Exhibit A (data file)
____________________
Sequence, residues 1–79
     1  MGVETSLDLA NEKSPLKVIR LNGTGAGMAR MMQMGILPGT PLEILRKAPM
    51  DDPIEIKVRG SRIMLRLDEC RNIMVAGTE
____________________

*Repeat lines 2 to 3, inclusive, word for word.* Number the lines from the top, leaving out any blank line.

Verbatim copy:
     1  MGVETSLDLA NEKSPLKVIR LNGTGAGMAR MMQMGILPGT PLEILRKAPM
    51  DDPIEIKVRG SRIMLRLDEC RNIMVAGTE